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Two Officers Accept Blame in Frigate Attack, Will Leave Service

July 28, 1987

WASHINGTON (AP) _ The captain and weapons officer of the USS Stark accepted responsibility Monday for the frigate’s failure to defend itself against an Iraqi warplane and as a result, will be allowed to leave the service rather than face a court-martial, the Navy said.

Thirty-seven sailors died and 21 were injured when the Stark was struck by two Exocet missiles from the plane on the night of May 17 while on routine patrol in the Persian Gulf. Iraq called the attack a mistake, an explanation the United States accepted.

Capt. Glenn R. Brindel, the Stark’s skipper, submitted a request to retire, the Navy said in a statement. Since he has served almost 22 years, he is eligible to request retirement with a pension, the Navy added.

Because he held the rank of captain only since January, however - less than the required three years - Brindel will have to retire at the reduced rank of commander. Officials said this will mean a loss of more than $100,000 in potential retirement pay over his lifetime.

Lt. Basil E. Moncrief, 32, of Corpus Christi, Texas, the tactical action officer, has served only about eight years in the Navy. As a result, he submitted a letter of resignation ″and will be separated by the Navy,″ forfeiting his naval career without any opportunity to obtain a pension, the service said.

The decisions of the two men were announced Monday shortly after Adm. Frank B. Kelso, the commander-in-chief of the U.S. Atlantic Fleet in Norfolk, Va., issued letters of reprimand censuring them for their performance aboard the Stark two months ago.

The Navy said the Stark’s executive officer, or No. 2 in command, Lt. Cmdr. Raymond J. Gajan, 35, of Rockville, Md., ″has been referred (for) disciplinary action to the commander, Naval Surface Force, Atlantic Fleet.″

That means Kelso determined Gajan was less culpable than the other two officers and thus decided to delegate review of his case to a lower level in the chain of command, officials said.

The letters of reprimand were issued after a disciplinary proceeding, known as an ″admiral’s mast,″ during which Kelso reviewed the circumstances of the May 17 attack on the Stark by an Iraqi warplane.

″Both (officers) accepted responsibility and both volunteered significant personal sacrifice in acknowledgement of accountability,″ the Navy said.

″Adm. Kelso, after a review of the investigation, felt that it was unlikely that any new facts would be uncovered in a (court-martial)″ and thus agreed to hold an admiral’s mast, the Navy added.

Such a proceeding is one step short of a formal court-martial and can result in various disciplinary sanctions, including a suspension from duty, temporary forfeiture of pay, a letter of reprimand or a letter of admonition.

Within the military legal system, a formal letter of reprimand ″is a harsh penalty,″ said one Navy officer who asked not to be identified. ″For an officer, it’s the same thing as saying your career is through, you’ll never have a shot at command.″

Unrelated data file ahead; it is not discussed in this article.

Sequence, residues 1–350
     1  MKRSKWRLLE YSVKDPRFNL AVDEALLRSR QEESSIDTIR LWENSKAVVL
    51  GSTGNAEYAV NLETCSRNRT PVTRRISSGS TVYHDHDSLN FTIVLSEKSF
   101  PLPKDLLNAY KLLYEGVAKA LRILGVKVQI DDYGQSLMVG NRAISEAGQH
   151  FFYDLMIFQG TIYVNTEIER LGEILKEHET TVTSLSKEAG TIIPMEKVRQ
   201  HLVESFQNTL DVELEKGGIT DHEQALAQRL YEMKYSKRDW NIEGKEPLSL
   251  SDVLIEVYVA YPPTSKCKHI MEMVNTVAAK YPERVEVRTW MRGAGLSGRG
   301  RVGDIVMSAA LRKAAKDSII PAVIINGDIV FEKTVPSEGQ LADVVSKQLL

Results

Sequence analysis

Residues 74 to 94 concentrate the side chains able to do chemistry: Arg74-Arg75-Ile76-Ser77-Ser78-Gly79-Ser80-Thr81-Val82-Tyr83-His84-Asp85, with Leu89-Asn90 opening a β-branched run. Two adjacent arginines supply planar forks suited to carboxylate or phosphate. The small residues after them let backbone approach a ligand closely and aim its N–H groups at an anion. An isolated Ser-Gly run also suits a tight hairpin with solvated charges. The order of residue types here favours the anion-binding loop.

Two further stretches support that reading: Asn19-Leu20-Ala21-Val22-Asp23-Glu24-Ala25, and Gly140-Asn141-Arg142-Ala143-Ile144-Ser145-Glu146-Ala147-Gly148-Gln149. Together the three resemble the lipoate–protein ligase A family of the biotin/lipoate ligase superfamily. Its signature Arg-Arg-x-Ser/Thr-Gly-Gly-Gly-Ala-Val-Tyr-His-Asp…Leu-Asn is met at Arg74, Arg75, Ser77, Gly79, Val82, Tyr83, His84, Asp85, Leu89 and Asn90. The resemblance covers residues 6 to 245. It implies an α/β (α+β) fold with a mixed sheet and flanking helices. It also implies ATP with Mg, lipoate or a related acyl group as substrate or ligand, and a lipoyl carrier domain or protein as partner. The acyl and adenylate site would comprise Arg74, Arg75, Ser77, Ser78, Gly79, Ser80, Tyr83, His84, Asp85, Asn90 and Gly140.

Brindel and Moncrief did not appear in person before Kelso, as was their right, but ″each admitted responsibility in writing,″ the Navy said.

″Capt. Brindel and Lt. Moncrief admitted and accepted accountability for the lack of readiness and inadequacy of measures taken to protect Stark on May 17, 1987. The basic charge ... was negligence in the performance of official duties.″

Kelso said he decided to forgo courts-martial for the two because of various ″factors,″ including the fact the Iraqi attack was ″unprovoked and indiscriminate″ and ″originated from a source considered not likely to act in a manner hostile to a U.S. naval vessel ....″

Kelso also cited the leadership of the two men in ″their respective personal efforts in saving Stark and preventing further loss of life″ and a ″concern that the prolonged nature of courts-martial proceedings would cause intensified grief on the part of the families of the victims of the attack and stress to the Stark crew.″

Brindel, 43, of Pittsburgh, Pa., had commanded the Stark since Jan. 23, 1985. At the time of the attack, he was preparing to leave the ship for a routine change in assignment.

Brindel told congressional investigators last month he was in his cabin at the time of the attack, having left Moncrief in the ship’s Combat Information Center with orders to pay close attention to the approaching Iraqi plane.

Under Navy tradition and regulations, however, the captain is responsible for everything that happens aboard his ship, regardless of his personal role.

Based on the U.S. male life expectancy of 72 years, the Navy figures Brindel will receive a total pension of $692,496, or $24,734 annually.

The Stark, after more than a month of temporary repairs in Bahrain, is steaming across the Atlantic toward its base at Mayport, Fla., where it is expected to arrive on Aug. 5.

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